Mike Boyle came under fire a couple of years ago because of his strong language speaking out against the cult of back squatting. I wrote about it a bit in this post, The Death of The Conventional Squat? While I don't completely agree and dislike hyperbole, I respect coaches that are thoughtful and not afraid to speak their minds even when their opinions won't win them any internet popularity contests...
Those in the hard-core crowd love to bang square pegs into round holes, one size fits all. If the squat is a great exercise, it must be great for every athlete in every situation. I was one of those guys for years, forcing my basketball players to squat, and searching endlessly for ways to help them learn the right technique.
Then I figured something out: There's a limiting factor in squatting we call segmental proportion. Athletes with long femurs relative to the length of the torso will be lousy squatters. These guys were always forwards or centers, six-feet-five or taller.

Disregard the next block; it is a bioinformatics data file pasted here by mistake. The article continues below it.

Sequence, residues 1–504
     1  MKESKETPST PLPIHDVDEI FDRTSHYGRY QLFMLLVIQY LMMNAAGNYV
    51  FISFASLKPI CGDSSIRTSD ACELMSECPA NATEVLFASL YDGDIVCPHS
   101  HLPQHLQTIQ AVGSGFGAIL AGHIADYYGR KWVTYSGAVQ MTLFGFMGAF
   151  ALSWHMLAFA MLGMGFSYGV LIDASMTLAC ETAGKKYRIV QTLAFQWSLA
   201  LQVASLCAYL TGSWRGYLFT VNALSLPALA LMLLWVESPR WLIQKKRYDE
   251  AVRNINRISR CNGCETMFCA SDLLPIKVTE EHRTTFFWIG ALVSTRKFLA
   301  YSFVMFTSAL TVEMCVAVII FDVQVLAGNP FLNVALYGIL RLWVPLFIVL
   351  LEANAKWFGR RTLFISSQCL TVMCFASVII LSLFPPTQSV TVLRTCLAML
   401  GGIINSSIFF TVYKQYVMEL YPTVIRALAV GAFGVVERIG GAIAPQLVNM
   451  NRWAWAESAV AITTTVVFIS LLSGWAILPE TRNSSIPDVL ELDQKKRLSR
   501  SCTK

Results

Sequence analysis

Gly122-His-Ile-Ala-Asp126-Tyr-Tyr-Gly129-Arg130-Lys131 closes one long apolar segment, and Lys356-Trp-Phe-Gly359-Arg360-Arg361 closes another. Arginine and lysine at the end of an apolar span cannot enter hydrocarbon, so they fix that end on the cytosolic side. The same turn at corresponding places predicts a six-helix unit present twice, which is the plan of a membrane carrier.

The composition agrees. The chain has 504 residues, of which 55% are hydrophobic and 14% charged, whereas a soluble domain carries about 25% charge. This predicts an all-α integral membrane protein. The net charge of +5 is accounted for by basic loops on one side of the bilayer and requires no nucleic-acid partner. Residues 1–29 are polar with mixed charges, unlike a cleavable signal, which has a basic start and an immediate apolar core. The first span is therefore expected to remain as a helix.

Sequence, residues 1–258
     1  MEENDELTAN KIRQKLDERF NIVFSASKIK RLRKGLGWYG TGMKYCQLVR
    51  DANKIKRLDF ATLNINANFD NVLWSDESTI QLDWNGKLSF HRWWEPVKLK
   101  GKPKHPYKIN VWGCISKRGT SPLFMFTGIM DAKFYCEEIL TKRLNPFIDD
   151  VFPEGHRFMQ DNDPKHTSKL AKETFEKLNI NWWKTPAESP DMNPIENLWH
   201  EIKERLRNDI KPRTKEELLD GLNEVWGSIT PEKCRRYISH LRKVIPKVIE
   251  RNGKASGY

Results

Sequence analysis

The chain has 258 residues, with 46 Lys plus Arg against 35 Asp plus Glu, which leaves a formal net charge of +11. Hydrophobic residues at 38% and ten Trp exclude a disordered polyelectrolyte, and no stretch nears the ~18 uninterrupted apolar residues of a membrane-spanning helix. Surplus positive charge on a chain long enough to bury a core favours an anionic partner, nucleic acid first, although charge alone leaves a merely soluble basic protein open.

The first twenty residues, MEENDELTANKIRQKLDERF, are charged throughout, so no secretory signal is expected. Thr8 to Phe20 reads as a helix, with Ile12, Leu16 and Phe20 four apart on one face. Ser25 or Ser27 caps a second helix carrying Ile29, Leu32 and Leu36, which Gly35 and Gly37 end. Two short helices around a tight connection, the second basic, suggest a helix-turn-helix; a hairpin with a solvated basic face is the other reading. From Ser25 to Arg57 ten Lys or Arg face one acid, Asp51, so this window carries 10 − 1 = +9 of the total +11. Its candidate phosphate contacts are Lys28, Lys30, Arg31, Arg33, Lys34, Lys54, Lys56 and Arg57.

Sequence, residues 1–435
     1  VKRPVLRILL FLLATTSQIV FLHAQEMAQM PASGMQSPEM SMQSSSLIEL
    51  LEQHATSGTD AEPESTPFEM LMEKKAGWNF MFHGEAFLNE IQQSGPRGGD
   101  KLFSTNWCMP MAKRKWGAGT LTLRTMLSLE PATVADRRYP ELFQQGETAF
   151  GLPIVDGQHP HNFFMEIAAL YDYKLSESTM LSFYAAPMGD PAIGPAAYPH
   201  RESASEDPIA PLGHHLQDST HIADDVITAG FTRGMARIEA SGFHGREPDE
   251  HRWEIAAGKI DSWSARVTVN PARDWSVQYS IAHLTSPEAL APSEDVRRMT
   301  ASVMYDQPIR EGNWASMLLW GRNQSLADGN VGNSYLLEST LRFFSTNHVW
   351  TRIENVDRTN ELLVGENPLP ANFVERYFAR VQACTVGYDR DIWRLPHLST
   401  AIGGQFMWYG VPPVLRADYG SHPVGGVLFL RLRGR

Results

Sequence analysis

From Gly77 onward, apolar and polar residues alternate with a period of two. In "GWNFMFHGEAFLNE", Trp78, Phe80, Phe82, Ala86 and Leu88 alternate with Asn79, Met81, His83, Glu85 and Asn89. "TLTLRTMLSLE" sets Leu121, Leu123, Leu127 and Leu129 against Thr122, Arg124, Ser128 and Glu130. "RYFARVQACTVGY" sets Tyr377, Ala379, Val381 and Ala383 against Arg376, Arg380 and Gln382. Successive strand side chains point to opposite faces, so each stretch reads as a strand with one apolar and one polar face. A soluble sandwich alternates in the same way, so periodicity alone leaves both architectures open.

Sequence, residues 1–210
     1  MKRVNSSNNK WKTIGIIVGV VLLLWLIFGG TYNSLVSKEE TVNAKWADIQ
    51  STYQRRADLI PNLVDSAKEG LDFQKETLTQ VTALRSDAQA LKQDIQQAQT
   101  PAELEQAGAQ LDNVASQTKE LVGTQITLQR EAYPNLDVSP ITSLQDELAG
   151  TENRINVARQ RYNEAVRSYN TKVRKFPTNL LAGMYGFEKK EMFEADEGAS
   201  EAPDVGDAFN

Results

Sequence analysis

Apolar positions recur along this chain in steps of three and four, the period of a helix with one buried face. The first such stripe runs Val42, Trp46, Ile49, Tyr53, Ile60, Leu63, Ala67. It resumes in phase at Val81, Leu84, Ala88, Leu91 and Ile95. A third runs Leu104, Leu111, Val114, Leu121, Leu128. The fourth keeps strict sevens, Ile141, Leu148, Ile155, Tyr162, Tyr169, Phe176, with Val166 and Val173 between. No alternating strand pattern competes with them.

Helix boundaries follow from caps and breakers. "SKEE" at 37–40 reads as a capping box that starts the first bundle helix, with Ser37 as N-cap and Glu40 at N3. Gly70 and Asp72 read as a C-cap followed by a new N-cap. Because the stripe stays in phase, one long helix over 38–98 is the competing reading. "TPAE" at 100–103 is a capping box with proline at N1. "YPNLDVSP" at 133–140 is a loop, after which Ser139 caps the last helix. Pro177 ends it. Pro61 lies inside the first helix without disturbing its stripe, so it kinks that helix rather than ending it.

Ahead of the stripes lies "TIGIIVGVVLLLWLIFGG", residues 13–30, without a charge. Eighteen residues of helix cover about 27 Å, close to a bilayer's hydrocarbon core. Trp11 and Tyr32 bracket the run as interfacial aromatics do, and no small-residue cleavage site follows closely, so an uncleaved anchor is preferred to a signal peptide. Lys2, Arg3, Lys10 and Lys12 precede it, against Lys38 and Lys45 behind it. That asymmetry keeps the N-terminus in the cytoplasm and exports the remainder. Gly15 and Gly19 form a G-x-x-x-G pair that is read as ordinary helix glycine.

But it's not just about height - some tall basketball players are actually very good squatters.
The problem is an athlete with these proportions needs an extreme forward lean when squatting, making it look like he's doing a good morning. This athlete will generally be frustrated with the inability to do the exercise correctly, and may even suffer back pain.
Eventually I could identify these athletes before we got anywhere near the squat rack. Basketball players with exceptionally long femurs always look short sitting down. I remember sitting next to a player and realizing that despite the fact he was eight inches taller than me, we were eye-to-eye when seated in chairs.
My advice to fellow coaches: If an athlete is built proportionately and can squat with good form, go for it. If the athlete is all legs, be careful: You're looking at a square peg...
To offset leverage, try these options:
- For strength, use front squats, belt squats, single-leg squats with the rear foot elevated (Bulgarian split squats) or trap bar deadlifts.
- For power, try Olympic lifts from the hang position above the knees, along with Vertimax jumps.
from Advances in Functional Training by Michael Boyle